To: "Ukans WW1 list" <wwi-l@raven.cc.ku.edu>
Subject: Re: Re Blanco

on 5/10/02 2:55 pm, R.W.GAINES wrote: > I am still attempting to locate an > article/reference information on Blanco. It was > used by the USMC up to the early days of WW II. > Apparently, it came in either cake or powder > form, and was applied to 782/web gear to render a > clean, uniform khaki color.

'Blanco', as the name suggests,was originally a whitener like pipeclay. I used it on my cricket boots as late as the 60s. My father spoke often, and with passion, about the practice of blancoing webbing...
Regards Dick Smith r.c.smith@blueyonder.co.uk r.smith@free.fr www.aulton.demon.co.uk

 
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Dick G
(Login Dick Gaines)
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66.133.134.72

Response: Andrew Bamji...

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October 5 2002, 1:39 PM 

Date: Sat, 5 Oct 2002 17:48:54 +0100
From: "Andrew Bamji" <andrewbamji@lineone.net> | This is Spam | Add to Address Book
To: wwi-l@raven.cc.ku.edu
Subject: RE: Re Blanco

Blanco came in khaki, white (for the band) and RAF blue for the Air Section when I was at school. Andrew Andrew Bamji andrewbamji@lineone.net http://website.lineone.net/~andrewbamji/index.htm

 
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Dick Gaines
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209.130.219.98

Blanco mentioned in Osprey Book...

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October 5 2002, 7:23 PM 

The book, US Marine Corps In WW I 1917--1918, 1999, Osprey, page 38 mentions that...

"Web Gear And Equipment

Webbing was normally khaki coloured, but some of the early Marine webbing was olive green or "blancoed" green with a scrubbed-on preservative preparation."

Dick Gaines

 
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Dick G
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209.130.219.216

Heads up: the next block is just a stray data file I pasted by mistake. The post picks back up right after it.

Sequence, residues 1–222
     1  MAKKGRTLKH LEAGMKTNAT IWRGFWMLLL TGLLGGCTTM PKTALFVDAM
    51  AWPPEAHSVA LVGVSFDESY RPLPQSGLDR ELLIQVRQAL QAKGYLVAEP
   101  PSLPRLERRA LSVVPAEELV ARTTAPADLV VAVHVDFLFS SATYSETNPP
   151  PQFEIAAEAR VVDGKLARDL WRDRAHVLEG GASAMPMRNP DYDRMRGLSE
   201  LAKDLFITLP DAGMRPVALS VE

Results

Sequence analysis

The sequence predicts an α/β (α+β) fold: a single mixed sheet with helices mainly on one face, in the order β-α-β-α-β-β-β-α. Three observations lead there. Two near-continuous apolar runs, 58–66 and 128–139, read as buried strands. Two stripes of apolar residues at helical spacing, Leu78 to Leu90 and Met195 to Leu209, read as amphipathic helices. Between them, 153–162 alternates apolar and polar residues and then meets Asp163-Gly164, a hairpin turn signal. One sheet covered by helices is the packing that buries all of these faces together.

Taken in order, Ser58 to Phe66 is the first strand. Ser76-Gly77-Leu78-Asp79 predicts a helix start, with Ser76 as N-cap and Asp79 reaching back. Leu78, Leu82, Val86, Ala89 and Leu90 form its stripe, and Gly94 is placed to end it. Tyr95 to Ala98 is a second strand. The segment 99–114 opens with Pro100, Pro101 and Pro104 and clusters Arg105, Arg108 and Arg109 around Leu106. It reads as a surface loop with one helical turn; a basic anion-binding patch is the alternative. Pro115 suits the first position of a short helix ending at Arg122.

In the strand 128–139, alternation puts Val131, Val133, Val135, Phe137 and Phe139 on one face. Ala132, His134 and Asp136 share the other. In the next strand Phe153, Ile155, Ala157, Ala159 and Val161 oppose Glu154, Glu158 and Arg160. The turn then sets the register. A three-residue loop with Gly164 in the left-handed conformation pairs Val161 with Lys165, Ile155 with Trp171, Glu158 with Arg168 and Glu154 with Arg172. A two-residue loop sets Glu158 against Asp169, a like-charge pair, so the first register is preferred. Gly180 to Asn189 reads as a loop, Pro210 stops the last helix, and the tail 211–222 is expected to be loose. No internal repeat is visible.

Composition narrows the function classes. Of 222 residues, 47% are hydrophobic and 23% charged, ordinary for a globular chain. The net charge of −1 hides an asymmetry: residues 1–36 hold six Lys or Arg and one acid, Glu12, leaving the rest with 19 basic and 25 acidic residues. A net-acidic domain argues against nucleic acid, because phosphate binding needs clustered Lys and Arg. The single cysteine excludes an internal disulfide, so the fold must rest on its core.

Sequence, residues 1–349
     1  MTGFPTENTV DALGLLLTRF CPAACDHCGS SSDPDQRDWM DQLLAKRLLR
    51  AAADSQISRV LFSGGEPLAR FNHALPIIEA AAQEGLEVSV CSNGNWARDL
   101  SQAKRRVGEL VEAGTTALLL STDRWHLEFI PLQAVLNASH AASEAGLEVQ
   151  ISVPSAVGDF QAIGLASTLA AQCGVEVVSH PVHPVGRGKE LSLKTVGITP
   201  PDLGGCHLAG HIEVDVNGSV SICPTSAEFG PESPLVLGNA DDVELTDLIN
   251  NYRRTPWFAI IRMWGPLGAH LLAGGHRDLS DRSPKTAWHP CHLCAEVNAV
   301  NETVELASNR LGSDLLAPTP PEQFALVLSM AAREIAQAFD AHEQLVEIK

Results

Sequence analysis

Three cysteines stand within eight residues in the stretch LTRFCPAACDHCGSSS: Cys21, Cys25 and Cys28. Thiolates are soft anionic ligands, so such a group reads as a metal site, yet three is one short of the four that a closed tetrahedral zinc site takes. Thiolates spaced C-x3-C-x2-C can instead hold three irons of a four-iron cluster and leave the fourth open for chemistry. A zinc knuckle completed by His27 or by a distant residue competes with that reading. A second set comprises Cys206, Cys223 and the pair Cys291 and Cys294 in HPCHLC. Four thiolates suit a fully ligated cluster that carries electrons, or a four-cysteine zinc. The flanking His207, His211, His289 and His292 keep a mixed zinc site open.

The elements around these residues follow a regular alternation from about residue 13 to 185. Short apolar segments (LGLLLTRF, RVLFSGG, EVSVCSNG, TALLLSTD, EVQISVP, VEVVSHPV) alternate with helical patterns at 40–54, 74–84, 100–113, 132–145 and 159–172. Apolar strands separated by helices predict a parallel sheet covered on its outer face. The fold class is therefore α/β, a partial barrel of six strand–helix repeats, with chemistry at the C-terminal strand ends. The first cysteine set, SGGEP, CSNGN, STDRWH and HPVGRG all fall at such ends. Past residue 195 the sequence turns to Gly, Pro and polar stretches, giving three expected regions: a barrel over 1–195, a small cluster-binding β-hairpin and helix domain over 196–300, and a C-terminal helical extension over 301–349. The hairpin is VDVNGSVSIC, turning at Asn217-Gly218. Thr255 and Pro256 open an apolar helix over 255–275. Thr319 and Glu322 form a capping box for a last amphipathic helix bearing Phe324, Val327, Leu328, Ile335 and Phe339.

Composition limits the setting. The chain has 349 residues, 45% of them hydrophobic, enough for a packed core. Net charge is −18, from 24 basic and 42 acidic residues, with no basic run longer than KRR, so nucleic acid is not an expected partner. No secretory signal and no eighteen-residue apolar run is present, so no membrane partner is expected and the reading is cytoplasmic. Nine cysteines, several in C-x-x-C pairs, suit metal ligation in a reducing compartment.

Response from down under...

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October 7 2002, 8:52 AM 

(from the WWI Discussion List)

Dick, I spent many (unhappy) hours applying khaki Blanco to my webbing, rifle sling and gaiters during WW2 as an army cadet in England; it was applied with water using a wet rag or brush from a cake.

It was not used as a powder. As far as I can tell its only function was appearance, it came off when the gaiters were wet or muddy and was certainly not waterproof! It also made a mess of you hands and any part of my uniform with which it came into contact when wet....
With regards,
Geoffrey Miller #1, Sydney, Australia. gmiller6@bigpond.net.au

 
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Dick G
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66.133.132.154

Another response WWI List...

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October 8 2002, 8:32 AM 

From: "Harold Pollins" <snillop@tesco.net> | This is Spam | Add to Address Book
To: wwi-l@raven.cc.ku.edu
Subject: .Re: Blanco

As I recall the tins of blanco were supplied by Pickering's. There was a Colonel Pickering in my regiment, The Queen's Royal (West Surrey) Regiment and it was said that he was part of the family.
It explained, it was thought, why the regiment was so keen on blancoing. It was said to explain the unofficial words to the regimental march past. This was 'Braganza', named after Catherine of Braganza, the wife of Charles II, in whose reign the regiment had been founded.
It was a jolly, tum-tee-tum tune, and the unofficial words were: 'Here they come, here they come, bull****ting bastards everyone...' At least it made a change from the nickname, based on the cap badge of a lamb and flag, which was 'sheep-shaggers.'
Harold Pollins
snillop@tesco.net

 
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Art Goetz
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64.26.100.15

Blanco & Ponyo

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October 8 2002, 5:22 PM 

Dick:

I thought you should know that the spelling of ponyo is actually pongyo, although pronounced as ponyo. It's a Chinese word for friend or buddy.

I was one of those who had used blanco in my early days in the Corps (1945-67). It worked quite well and would get your pack looking great for parades and inspections.

Art

 
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1952-72